I usually get my tongue lashing from people I’m close to. Then I can abase myself, apologise with dignity, be difficult, beg for forgiveness, brood, condemn myself, cry, find excuses, impatiently dismiss it, laugh it off, look pathetic, maturely take responsibility, plan revenge, promise to change, storm off, sulk, tell them to fuck off, wallow in self-pity. I can, in other words, react appropriately.
But there’s supposed to be a professional distance between me and Abi so it’s much more embarrassing when she tells me a few home truths. She has invaded our de-militarized zone, and thus my personal space, and this makes everything far too intimate: raw and intense. She does this intentionally and it isn’t the first time. It’s a calculated intervention designed to give me a kick up the arse and set me back on the right track.
The silences are excruciating. Abi waits for me to respond, to reveal myself with honesty and openness, to confront myself, but I don’t know what I think and I don’t seem to own the thoughts I’m supposed to have. It’s as if I’m performing to please her. I’m divorced from the emotions I should be evincing, because inside me there is only an alert, uneasy quiet.
I need to demonstrate my commitment to recovery by articulating these false feelings with passion and conviction, but I can only just about manage an attitude of shamed humility. To have to speak out would be awful. I’m not sure why. I’d feel like an empty harlequin costume, shabby, masked, clowning across a derelict stage, and I worry I might somehow lose control of the dance. It might degenerate into some sort of frantic, antic hysteria.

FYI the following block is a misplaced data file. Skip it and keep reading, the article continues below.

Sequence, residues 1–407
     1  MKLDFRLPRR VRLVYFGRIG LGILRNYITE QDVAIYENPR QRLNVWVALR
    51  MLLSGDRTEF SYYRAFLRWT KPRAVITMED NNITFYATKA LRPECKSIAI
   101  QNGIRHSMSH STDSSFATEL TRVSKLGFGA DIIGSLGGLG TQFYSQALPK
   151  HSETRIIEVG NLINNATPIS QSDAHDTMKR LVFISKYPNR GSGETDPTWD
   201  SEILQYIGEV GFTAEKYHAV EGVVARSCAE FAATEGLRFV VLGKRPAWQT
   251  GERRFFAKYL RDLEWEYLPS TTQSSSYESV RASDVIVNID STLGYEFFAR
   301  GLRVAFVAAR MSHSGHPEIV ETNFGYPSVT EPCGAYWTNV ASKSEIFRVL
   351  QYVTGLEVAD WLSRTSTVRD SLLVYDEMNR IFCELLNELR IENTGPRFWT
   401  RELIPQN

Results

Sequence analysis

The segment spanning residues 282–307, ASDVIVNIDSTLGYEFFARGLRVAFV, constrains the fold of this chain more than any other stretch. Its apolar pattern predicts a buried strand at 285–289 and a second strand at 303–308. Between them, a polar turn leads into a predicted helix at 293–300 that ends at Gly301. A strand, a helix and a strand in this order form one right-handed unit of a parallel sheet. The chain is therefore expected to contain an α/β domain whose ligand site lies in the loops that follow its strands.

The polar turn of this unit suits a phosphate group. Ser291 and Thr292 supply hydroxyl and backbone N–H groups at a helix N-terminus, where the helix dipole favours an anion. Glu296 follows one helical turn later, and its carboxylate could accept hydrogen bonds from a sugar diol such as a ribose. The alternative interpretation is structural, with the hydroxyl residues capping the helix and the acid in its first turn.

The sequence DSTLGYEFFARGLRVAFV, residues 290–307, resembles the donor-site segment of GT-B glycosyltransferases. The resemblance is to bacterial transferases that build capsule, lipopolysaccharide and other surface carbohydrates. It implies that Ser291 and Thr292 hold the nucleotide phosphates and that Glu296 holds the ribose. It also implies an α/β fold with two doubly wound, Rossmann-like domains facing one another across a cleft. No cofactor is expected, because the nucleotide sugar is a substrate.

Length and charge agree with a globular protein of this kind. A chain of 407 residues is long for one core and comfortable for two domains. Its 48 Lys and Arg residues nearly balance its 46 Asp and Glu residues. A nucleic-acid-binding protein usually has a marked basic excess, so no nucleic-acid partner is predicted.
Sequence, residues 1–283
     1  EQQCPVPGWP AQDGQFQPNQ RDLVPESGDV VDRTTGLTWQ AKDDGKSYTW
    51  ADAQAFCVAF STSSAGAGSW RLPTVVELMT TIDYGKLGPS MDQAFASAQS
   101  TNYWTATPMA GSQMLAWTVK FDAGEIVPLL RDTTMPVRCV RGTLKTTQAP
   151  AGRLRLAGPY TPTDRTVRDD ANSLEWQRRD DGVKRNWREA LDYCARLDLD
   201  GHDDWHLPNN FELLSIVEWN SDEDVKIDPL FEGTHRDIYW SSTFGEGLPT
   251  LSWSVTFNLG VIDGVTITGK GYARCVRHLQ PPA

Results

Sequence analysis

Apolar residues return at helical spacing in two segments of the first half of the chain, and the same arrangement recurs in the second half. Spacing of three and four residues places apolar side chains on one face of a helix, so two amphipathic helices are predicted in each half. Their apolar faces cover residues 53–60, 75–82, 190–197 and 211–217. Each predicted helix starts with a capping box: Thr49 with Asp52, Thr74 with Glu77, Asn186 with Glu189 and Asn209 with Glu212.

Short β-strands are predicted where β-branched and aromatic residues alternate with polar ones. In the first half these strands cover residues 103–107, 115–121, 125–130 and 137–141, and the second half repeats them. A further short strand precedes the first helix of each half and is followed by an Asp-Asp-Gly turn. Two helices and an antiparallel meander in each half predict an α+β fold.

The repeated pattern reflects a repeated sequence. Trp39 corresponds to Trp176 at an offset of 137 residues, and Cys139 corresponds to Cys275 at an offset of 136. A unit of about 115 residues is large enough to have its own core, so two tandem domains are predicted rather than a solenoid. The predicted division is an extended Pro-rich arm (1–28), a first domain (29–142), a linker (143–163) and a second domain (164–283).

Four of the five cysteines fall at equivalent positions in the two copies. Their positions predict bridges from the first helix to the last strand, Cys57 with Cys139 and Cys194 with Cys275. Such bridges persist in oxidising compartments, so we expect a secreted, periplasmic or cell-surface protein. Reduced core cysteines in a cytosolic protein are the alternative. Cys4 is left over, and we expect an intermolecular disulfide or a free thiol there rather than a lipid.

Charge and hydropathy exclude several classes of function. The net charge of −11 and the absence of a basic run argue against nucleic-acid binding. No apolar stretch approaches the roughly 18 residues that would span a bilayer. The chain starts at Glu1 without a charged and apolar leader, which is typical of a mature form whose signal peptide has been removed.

This sounds like a typical fear of losing self-control and revealing my grubby secrets: if I rouse myself to action, I’ll blurt out something dreadful, either a terrible secret or just some vile, unwarranted obscenity, an upwelling of abhorrent thoughts and feelings and words.
But it seems to threaten something much worse than that, something indescribably awful, wholly destructive – an irreversible, fatal decision.
If I can carry on as normal everything seems to be fine, I seem to have emotional stability, even a relatively sunny disposition, but when faced by a falling weight and challenged to explain it, when asked, “why don’t you just keep to the meal plan?”, I need to be terribly guarded, to adopt a passive, defensive crouch. There seems to be something unsaid, unsayable, that needs to be said to clear the way to full recovery but I don’t know what it is, and if I did, and I said it, it would open a trapdoor to something catastrophic.
Perhaps I’d go into total mental shut-down. I’d fall to my knees and start dribbling. I’d piss myself as my wildly buffering brain tried to reboot. I’d be left naked and writhing, abject, supine, covered in my own faeces. I’d be revealed.
On the surface, I don’t feel that I feel disturbed by any of this, just very uncomfortable. I’m out of touch with any sense of being disturbed. Is this just numbness? Is this being habituated to people being unhappy with me? Do other people incur displeasure as frequently as I do? Is this usual? (Imagine my pathetic whine.) Because some of me is thinking, I don’t do anything majorly wrong – I eat; I don’t exercise excessively…